The groups collaborated efforts to organize and host an educational forum on AIDS in observance of World AIDS Day, Dec. 1.
"Myself, along with other VISTA members, chose AIDS as a topic of discussion for this event because AIDS is a very important issue, not only in the Mississippi Delta or Mississippi, but nationally. We felt members of our community needed to know the facts about HIV/AIDS in addition to being informed about resources that are available to help treat HIV/AIDS," said Wilnessa Foster, AmeriCorps VISTA member.
Speakers at the forum included Jerome Winston, Mississippi Department of Health disease intervention specialist supervisor for District 3, and Gini Tucker, DREAM Inc. prevention education specialist.
Since a movement has been made more toward screening in recent years, a pre-AIDS screening service was provided free to Delta State students on Thursday, Winston said.
"It's more about knowing your status," he continued. "A lot of the people who organized this event texted, asked, and sent folks over to the school's Health Center. We screened about 50 people.
Participants gave two blood and urine samples to be screened for HIV, syphilis, chlamydia, and gonorrhea.
Results from the tests are usually returned within two weeks.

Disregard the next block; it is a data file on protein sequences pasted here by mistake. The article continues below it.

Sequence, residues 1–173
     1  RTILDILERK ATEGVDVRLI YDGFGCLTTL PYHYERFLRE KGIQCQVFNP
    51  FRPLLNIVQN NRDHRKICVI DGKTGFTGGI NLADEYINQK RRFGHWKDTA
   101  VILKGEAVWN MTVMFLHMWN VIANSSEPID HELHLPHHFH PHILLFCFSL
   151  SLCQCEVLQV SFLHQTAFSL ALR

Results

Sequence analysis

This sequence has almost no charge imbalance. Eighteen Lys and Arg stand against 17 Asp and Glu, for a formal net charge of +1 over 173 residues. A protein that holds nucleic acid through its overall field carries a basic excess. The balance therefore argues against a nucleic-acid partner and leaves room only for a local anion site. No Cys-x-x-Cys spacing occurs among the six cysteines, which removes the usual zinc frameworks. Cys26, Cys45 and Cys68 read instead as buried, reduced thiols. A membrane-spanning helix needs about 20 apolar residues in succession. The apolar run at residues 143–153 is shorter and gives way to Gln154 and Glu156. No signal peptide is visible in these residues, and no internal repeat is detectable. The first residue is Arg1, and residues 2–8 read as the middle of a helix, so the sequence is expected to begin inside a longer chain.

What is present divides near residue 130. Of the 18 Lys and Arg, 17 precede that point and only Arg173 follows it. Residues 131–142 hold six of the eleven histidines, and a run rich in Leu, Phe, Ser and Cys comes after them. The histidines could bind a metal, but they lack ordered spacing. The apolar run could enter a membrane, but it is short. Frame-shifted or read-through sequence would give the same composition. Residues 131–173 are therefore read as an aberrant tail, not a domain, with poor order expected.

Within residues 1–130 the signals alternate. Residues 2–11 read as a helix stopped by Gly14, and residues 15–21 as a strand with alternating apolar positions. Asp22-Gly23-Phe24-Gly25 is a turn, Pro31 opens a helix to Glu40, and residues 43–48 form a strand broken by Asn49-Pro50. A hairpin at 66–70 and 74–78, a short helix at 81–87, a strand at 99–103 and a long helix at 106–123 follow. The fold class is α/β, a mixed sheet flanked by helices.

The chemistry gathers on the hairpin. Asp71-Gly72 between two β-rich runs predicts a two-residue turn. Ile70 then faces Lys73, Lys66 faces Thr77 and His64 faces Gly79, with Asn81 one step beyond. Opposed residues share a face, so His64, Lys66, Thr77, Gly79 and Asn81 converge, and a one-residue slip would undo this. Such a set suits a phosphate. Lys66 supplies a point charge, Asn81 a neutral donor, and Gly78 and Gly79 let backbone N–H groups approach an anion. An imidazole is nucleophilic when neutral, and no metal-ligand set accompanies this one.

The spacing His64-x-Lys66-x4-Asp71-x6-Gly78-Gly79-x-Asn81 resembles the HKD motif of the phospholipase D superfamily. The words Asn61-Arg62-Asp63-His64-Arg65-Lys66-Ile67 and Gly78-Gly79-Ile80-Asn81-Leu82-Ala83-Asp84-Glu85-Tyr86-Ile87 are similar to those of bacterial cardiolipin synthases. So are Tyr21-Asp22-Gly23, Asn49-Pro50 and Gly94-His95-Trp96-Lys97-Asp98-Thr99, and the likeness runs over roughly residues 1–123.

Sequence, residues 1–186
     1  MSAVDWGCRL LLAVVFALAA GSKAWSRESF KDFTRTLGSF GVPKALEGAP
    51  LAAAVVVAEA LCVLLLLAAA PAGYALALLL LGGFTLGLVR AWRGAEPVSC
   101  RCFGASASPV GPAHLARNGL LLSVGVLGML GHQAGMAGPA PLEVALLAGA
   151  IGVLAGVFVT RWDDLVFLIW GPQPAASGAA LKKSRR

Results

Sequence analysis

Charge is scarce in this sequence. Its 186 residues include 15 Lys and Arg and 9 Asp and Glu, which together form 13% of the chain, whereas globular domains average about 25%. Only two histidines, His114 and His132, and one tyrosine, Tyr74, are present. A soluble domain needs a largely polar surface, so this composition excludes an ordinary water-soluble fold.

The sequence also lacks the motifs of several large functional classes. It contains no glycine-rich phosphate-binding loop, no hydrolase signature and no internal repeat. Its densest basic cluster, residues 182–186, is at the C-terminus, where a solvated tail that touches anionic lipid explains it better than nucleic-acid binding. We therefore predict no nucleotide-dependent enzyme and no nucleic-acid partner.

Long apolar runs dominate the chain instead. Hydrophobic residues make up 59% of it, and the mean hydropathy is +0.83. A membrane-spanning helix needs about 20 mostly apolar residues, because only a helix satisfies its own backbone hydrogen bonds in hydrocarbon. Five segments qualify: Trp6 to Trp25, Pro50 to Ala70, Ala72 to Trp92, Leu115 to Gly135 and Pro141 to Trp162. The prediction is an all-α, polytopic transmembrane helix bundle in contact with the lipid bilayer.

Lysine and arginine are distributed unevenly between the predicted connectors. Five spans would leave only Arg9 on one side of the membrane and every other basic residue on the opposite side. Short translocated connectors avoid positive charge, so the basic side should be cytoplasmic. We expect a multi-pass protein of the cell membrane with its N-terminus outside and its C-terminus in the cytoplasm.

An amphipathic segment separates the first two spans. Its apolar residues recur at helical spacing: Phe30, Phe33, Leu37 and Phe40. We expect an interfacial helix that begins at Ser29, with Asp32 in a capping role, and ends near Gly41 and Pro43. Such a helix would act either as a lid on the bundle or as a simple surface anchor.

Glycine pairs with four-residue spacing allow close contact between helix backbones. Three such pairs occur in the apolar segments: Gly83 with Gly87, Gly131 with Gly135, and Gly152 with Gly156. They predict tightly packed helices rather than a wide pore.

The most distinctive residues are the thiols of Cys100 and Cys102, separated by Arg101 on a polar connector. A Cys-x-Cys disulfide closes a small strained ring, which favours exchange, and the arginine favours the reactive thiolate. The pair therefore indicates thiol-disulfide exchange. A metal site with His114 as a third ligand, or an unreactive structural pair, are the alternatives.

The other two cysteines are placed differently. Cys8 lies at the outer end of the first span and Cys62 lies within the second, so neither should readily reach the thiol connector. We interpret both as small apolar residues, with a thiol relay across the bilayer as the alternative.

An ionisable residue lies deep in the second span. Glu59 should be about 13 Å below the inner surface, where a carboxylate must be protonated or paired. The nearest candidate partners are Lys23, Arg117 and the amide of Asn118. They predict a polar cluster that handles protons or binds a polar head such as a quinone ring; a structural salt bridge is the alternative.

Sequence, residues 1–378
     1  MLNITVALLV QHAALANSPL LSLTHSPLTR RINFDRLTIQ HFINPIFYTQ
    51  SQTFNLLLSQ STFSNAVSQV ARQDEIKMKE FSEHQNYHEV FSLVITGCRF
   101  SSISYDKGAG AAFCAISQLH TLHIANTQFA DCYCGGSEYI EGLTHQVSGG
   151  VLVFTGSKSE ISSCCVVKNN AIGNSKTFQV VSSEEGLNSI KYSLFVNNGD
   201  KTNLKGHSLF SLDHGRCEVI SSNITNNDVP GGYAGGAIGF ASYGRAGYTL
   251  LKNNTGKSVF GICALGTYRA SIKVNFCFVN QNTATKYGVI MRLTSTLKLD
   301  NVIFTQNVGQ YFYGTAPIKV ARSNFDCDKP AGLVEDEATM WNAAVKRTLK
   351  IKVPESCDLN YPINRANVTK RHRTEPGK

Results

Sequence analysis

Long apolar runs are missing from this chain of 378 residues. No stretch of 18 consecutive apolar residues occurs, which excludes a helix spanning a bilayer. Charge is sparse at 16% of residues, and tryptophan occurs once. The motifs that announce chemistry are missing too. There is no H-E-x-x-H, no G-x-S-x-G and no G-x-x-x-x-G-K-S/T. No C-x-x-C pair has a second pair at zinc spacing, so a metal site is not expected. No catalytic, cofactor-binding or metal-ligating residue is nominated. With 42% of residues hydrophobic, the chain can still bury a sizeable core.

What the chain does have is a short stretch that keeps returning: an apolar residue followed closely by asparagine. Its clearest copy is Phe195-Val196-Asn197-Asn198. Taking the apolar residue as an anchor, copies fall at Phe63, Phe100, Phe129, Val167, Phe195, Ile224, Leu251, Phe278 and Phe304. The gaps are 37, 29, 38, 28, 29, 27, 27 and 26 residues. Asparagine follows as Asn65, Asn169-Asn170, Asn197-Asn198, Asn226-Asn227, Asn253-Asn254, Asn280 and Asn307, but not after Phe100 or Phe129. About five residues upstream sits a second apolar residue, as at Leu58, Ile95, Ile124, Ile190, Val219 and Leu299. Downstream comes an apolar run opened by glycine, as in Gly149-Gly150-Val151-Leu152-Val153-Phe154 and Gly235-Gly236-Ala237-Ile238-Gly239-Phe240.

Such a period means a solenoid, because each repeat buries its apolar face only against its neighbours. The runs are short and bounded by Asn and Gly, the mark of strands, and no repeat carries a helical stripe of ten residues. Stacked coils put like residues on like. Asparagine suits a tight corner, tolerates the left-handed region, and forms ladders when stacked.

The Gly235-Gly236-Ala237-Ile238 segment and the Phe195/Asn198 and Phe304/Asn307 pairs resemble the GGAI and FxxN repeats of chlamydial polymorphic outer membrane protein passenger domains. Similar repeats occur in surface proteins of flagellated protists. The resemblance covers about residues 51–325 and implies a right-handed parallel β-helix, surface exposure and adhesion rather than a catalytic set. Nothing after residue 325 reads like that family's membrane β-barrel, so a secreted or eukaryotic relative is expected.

"Our overall goal throughout this project is to let members of the community know that HIV/AIDS is no longer a death sentence," Foster said.
According to the Mississippi Department of Health website, the reported cases and rates of individuals living with the HIV disease in Bolivar County from 2007 to 2011 has remained at a steady average of 127 people per year.
In 2010, Mississippi ranked seventh nationally in HIV case rates, and reported 573 new HIV infections in 2011.
Males accounted for 75 percent of the newly reported HIV infections; with infection rates highest among those aged 15-24 years of age, the age of the target audience of AmeriCorps VISTA's forum.
World AIDS Day, an international health day, is recognized by the wearing of the red ribbon, the universal symbol of awareness and support for those living with HIV.
According to the World AIDS Day website, www.worldaidsday.org, the red ribbon was the first ever ribbon symbol.
It later inspired versions such as the pink ribbon for breast cancer awareness, purple for Alzheimer's awareness, and green for support for public school students and teachers.
Many organizations around the world garnished their buildings with red ribbons to commemorate the cause including The White House, the Sydney Hospital in Australia, The Puerta de Alcalain in Madrid, Paris City Hall in France, and Manchester Town Hall in England.